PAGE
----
November 23rd, 2007

warmth in the cold

[CAUMC] Thanksgiving (food) [2007-11-15]

Our reading was a UU sermon: "Getting Real About Food" by Ana Porter

She talked about God telling Moses to take off his shoes in the story of the burning bush.
Moses had to have the humility and intimacy of his bare feet in direct contact with the earth before he could begin his conversation with the divine.

Our sun is a fire that burns like that burning bush. For all intents and purposes, it burns without being consumed. And the light from that great fire travels all the way to earth and gets transformed by green plants into substances that we can then eat. Plants grow in the ground and they turn sunlight into food which literally becomes our bodies. Surely any ground in which such miracles happen is holy ground. Perhaps we should all be taking off our shoes.
She talked about our dislocation from our food and challenged her congregants to pledge to spend $10/wk on locally and/or organic food.

In the discussion that followed, Trelawney said I inspire her every week with my vegetarianism. I said this was funny because I can so easily get complacent. Trelawney said that's one reason she thinks community is so important -- that we keep pushing each other and suchlike. She said we all inspire her in different ways -- and then went around the circle. And then did a round of real Affirmations.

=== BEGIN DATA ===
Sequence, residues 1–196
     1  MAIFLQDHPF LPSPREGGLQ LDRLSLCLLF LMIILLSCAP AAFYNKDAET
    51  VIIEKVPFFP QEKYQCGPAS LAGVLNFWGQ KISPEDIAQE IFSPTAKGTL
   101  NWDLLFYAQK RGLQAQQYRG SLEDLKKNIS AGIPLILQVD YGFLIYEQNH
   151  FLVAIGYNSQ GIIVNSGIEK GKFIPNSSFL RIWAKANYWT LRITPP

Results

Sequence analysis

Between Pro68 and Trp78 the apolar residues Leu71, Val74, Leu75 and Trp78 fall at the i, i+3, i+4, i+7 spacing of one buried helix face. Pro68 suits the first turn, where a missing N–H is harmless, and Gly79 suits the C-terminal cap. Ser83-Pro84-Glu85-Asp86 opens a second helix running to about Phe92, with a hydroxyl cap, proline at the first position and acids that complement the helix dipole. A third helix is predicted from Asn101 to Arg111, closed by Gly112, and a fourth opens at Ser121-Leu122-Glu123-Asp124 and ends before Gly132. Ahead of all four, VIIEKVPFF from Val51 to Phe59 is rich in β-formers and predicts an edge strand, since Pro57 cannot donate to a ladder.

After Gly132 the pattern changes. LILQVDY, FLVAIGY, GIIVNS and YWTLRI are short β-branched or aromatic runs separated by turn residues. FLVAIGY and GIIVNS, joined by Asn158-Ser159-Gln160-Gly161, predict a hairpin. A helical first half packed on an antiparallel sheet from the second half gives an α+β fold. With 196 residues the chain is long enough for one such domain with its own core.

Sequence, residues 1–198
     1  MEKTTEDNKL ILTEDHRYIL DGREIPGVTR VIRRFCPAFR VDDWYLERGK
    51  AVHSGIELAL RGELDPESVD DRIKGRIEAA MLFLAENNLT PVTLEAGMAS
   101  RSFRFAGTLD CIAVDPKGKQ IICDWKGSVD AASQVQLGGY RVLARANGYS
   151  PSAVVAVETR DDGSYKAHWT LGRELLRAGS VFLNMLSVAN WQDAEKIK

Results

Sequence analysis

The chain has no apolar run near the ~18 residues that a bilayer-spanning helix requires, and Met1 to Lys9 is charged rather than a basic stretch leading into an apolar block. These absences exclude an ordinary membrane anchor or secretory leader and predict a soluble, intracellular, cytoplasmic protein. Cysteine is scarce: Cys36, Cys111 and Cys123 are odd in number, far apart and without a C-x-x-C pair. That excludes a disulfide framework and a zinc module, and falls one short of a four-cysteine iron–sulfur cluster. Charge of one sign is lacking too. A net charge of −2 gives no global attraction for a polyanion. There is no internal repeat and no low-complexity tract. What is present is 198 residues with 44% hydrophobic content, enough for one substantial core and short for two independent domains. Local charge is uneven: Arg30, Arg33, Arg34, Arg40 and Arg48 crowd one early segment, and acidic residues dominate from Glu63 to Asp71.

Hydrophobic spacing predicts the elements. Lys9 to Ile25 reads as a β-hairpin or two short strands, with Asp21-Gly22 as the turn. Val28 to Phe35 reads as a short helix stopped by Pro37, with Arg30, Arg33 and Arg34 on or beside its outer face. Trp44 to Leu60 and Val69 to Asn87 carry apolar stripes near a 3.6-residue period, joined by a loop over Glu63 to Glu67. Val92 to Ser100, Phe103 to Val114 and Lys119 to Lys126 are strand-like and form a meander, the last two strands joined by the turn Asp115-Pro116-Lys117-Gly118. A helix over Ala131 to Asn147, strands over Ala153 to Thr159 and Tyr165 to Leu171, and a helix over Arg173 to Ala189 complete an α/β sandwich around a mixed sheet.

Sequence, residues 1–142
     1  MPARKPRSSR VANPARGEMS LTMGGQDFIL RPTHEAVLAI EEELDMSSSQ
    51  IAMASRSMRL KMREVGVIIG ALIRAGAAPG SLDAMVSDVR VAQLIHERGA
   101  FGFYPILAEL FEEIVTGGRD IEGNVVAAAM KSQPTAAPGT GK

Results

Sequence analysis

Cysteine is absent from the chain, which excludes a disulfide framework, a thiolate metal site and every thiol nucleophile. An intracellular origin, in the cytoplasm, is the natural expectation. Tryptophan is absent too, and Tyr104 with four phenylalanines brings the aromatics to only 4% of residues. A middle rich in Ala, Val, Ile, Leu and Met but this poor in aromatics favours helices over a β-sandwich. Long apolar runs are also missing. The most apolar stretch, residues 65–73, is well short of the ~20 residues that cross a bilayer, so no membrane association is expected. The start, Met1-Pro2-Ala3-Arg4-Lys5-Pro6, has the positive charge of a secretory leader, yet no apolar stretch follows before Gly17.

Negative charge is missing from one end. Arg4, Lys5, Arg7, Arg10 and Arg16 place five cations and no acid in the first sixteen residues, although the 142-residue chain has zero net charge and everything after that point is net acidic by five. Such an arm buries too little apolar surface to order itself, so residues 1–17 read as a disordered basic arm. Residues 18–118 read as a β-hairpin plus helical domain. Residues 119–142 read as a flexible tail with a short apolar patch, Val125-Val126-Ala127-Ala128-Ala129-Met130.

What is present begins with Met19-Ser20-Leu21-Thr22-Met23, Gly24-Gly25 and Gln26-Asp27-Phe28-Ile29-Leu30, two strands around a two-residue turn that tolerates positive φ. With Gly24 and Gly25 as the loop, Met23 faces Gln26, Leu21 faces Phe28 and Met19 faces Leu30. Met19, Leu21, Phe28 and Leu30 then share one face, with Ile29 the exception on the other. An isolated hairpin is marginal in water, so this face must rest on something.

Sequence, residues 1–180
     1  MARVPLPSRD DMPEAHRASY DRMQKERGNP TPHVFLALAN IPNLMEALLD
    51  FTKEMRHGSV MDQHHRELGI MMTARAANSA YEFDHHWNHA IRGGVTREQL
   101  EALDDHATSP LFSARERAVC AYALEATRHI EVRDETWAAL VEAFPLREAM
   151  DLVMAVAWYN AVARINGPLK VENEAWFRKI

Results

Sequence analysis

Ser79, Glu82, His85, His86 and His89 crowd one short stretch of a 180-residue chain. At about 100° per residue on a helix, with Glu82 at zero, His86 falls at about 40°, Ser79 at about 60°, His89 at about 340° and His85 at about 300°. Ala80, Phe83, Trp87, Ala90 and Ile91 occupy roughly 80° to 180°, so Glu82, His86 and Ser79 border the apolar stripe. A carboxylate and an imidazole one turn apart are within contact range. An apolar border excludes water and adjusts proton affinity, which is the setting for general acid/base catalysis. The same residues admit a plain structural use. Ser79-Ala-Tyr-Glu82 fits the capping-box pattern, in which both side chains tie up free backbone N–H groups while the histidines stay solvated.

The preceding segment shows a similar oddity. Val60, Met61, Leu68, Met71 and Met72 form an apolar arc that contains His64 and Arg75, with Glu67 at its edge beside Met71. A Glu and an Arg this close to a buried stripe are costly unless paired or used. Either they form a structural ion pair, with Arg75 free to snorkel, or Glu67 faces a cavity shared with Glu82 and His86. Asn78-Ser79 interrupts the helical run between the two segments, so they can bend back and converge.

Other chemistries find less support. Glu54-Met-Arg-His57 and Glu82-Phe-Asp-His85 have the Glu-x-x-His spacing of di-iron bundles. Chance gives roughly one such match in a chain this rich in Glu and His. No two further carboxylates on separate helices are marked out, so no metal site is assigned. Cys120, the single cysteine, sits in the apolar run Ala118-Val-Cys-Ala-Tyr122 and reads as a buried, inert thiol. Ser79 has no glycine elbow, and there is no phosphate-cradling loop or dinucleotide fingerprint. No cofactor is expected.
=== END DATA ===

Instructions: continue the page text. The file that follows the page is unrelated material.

face up (and sing)

[CWM] Twenty Fifth Sunday After Pentecost [2007-11-18]

Continuing my day's theme of "I should bring a camera more places," we had a lovely blue and green setup.

Tiffany was traveling, so Will was the worship leader.

Will: "It's the holidays, and it's gonna be okay. I think it's gonna be okay."
He said this Sunday is a weird Sunday 'cause is this Thanksgiving Sunday? is next Sunday Thanksgiving Sunday? He said that as the bulletin notes, it's the Twenty Fifth Sunday After Pentecost, and that it's hard to get excited about that. He said he feels like this time of year we're "so done with ordinary time" that we're reaching for things to celebrate -- All Saints' Day, Reformation Sunday, Thanksgiving Sunday. He continued, "In some churches, next Sunday is 'Christ the King' Sunday -- as if we needed a special Sunday to celebrate patriarchy. Of course here at Cambridge Welcoming, next week we're celebrating 'Christ Miss Thing' Sunday."
[Later in the week, sangerin posted about looking forward to Christ the King Sunday because of all the stuff going on in Australian politics. I thought this was a useful counterpoint. Personally I don't have a problem with the concept of Christ the King, since I interpret it as above and in contrast to earthly notions of kingship, though I recognize that sermons about it could easily glorify hierarchical structures of domination.]

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